Let be R a commutative ring with 1 and M a n x n matrix over R.
There exists an inverse M-1 of M with M-1M=M M-1 = I, iff the determinant of M is an unit in R.

Proof: We have the law det(M) I = M adj(M) = adj(M) M, where adj(M) is the adjoint matrix of M.
If det(M) is an unit, then (det(M))-1adj(M) is obviously the inverse of M.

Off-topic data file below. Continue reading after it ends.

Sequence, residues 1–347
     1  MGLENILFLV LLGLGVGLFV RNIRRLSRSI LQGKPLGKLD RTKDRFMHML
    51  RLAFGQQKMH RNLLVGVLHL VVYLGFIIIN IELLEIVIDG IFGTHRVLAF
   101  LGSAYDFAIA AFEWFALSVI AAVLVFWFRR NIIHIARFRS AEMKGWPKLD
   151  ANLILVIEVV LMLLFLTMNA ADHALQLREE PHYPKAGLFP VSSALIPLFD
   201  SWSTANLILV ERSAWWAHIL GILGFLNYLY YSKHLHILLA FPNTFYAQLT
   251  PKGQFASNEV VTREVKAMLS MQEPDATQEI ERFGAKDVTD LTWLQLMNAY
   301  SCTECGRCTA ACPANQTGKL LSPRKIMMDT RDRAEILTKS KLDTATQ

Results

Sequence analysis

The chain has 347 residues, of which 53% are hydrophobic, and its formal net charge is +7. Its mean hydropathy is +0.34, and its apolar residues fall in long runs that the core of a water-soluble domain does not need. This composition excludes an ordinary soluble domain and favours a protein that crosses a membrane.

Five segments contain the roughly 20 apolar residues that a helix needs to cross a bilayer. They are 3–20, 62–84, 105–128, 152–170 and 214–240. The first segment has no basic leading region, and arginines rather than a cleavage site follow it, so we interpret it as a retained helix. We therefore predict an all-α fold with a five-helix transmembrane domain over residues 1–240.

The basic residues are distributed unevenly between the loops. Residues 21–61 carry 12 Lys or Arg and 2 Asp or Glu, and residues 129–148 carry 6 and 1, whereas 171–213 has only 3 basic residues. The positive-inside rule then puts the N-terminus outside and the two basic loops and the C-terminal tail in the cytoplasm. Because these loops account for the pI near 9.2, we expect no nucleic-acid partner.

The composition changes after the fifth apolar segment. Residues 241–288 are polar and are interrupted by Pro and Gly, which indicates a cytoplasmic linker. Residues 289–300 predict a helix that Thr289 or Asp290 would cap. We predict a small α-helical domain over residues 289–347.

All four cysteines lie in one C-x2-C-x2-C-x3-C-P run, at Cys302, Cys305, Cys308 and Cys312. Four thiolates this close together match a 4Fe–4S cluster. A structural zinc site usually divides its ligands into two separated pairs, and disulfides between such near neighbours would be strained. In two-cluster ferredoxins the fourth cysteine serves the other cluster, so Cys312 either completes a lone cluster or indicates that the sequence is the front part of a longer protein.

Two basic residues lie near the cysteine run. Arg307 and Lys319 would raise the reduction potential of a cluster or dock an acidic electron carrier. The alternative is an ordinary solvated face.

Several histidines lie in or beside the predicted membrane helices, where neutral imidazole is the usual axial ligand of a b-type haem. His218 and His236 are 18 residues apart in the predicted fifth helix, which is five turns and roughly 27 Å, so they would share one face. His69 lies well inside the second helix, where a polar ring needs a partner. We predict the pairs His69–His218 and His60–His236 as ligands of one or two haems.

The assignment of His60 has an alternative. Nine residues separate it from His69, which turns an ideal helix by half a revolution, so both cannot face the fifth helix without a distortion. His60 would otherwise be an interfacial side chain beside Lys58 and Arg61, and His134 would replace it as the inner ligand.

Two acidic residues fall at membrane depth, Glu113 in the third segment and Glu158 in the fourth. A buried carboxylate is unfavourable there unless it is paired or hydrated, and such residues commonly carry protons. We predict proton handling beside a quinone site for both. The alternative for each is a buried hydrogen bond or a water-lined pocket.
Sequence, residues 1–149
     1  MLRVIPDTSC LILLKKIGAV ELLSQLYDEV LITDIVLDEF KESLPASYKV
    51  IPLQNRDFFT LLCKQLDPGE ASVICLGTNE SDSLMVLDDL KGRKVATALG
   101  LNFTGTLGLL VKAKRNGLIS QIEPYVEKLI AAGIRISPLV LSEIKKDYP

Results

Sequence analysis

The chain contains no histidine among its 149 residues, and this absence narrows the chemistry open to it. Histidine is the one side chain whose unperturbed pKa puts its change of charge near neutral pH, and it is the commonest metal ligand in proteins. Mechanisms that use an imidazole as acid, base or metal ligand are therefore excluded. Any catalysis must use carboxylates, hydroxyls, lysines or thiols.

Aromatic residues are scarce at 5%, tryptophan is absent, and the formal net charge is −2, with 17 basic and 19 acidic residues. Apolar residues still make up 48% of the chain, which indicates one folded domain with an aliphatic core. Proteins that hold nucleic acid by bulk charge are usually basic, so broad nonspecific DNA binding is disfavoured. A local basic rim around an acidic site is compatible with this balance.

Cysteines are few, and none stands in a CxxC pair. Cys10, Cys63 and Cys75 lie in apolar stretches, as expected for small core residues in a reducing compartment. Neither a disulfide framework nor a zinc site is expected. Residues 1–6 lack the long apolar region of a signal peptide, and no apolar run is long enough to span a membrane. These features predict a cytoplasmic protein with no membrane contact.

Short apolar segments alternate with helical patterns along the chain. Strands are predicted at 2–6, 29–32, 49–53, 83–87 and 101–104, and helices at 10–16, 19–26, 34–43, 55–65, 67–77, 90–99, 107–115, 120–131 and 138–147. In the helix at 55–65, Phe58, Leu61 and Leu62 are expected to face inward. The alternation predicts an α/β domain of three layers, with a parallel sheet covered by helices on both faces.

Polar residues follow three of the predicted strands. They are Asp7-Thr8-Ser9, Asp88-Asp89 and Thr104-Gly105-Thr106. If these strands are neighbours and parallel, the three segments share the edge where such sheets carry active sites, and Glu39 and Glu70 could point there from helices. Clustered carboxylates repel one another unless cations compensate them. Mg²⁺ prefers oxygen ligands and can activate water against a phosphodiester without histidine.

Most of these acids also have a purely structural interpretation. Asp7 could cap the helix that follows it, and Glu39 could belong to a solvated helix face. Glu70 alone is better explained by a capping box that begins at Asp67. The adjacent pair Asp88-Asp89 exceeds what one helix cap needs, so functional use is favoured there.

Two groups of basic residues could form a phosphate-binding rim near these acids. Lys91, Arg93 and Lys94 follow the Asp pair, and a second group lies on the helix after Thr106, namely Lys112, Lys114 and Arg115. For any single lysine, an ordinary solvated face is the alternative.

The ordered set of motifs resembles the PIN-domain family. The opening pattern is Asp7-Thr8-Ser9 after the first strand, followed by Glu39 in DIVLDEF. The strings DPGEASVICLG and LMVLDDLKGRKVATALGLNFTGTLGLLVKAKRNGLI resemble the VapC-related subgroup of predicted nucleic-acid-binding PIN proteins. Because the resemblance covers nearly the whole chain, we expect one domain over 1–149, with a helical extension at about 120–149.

On the other hand if M has an inverse M-1, then 1 = det(I) = det(M M-1) = det(M) det(M-1) = det(M-1) det(M). Therefore det(M) has the inverse det(M-1). Example:
| 1 2 |
| 1 3 |
has in inverse 2 x 2 matrix over Z (the ring of integers).